Today's political buzz is all about the win by Democrat Kathy Hochul in New York's 26th congressional district, encompassing suburbs northeast of Buffalo and west of Rochester. National issues, particularly the debate over Medicare, played a big part in the race, but local factors were key as well, with the Republican candidate, Jane Corwin, losing votes to Jack Davis, a third-party spoiler running on the Tea Party line. Hochul was helped by squabbles between the Corwin and Davis campaigns, most notably a confrontation between Davis and Corwin's chief of staff outside a veteran's event a couple of weeks ago. The video of the confrontation memorably featured Jack Davis saying, "You want punched out?"
When the video appeared on the Talking Points Memo site, "you want punched out" was appended with a "sic." But this construction, "want + V-en" (where V-en represents a past-participial form of a verb) is typical in much of the North Midland dialect region, as discussed by Thomas E. Murray and Beth Lee Simon in their article "Want + Past Participle in American English" (American Speech, Vol. 74, No. 2, Summer 1999, pp. 140-164). This article followed up on their research into another notable North Midland pattern, "need + V-en" (as in "the car needs washed").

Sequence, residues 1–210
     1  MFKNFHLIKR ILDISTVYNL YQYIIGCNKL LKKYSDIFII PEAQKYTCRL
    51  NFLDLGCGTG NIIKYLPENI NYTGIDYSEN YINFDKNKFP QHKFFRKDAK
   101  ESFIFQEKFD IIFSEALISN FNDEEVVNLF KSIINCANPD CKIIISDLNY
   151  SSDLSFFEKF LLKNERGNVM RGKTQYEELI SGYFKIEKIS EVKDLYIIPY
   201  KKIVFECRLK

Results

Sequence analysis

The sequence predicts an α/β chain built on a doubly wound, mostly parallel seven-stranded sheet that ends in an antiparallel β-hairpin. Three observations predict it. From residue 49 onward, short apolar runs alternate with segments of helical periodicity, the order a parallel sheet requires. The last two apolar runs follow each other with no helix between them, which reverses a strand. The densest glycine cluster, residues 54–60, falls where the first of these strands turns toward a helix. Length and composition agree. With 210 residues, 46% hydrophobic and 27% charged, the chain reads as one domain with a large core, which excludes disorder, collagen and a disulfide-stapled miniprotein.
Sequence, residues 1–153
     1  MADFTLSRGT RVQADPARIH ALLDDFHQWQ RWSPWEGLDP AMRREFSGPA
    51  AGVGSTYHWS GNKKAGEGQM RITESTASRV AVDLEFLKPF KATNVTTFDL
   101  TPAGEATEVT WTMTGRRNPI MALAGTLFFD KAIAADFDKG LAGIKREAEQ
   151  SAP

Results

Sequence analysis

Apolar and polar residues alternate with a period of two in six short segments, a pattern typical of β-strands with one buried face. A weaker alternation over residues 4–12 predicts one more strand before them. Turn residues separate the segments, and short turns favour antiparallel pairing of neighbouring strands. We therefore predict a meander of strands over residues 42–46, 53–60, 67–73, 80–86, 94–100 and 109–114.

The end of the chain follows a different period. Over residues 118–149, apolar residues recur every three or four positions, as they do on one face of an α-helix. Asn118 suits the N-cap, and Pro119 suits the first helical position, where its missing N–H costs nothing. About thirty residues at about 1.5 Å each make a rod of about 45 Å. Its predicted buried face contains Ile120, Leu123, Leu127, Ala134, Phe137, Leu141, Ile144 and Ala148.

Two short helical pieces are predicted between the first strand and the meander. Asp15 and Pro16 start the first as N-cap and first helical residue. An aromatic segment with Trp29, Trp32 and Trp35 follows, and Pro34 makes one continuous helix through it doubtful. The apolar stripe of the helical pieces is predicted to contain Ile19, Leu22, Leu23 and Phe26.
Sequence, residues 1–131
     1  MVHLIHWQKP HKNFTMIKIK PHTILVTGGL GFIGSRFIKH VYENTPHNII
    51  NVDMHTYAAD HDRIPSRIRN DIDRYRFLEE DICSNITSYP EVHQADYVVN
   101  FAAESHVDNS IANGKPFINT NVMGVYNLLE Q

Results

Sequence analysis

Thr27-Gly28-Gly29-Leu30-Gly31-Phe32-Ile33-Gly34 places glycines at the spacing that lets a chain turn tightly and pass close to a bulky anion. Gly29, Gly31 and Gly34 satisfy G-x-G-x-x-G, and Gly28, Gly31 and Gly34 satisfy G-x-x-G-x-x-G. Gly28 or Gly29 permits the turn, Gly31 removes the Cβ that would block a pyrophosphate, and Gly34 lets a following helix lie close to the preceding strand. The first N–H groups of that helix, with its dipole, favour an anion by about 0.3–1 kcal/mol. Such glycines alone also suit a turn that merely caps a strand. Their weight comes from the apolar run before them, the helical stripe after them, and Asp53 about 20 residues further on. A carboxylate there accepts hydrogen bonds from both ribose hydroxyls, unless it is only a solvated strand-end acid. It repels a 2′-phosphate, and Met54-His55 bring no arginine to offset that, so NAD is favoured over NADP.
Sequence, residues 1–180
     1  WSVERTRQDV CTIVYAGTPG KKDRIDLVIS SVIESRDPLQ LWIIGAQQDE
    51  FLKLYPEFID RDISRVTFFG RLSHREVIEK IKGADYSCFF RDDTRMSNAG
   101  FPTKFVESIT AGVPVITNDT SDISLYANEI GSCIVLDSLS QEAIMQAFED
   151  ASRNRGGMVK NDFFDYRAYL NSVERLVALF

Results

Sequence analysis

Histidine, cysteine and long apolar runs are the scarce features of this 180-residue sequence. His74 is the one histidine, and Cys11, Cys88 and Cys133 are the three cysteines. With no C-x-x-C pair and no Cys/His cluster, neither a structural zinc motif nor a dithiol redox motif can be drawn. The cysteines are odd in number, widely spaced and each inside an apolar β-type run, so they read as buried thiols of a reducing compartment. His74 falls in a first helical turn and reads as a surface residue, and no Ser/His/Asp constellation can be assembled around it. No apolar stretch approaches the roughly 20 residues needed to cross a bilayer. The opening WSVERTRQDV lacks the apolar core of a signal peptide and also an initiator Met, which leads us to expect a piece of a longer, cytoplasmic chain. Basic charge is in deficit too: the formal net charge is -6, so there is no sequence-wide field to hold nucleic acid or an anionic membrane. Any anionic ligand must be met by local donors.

Murray and Simon combine older evidence from dialect surveys with their own results to plot a map of all of the positive attestations of "want + V-en":
There are some attestations of the construction in the southwestern corner of New York State, along the New York-Pennsylvania border, but nothing as far north as the Buffalo suburbs where Jack Davis lives. It turns out, however, that Davis has roots in western Pennsylvania, where "want + V-en" (like "need + V-en") is common. According to his campaign bio, Davis's family moved from Pittsburgh to Buffalo when he was a child. So, in this pugnacious moment caught on video, Davis evidently betrayed his Pittsburgh upbringing. Perhaps the exit polls from yesterday's election can tell us what effect this dialectal display had on the voters.
[On the American Dialect Society mailing list, Matt Gordon points to further reading on "want + V-en": "There's a survey of work in Murray and Simon's chapter in the collection they edited, Language Variation and Change in the American Midland (2006, J. Benjamins). Erica Benson discusses the probably related grammatical construction of 'want + prep. adverb' (e.g. we want off) in a Journal of English Linguistics piece from 2009. This usage is reported to be more acceptable in the northern dialect region."]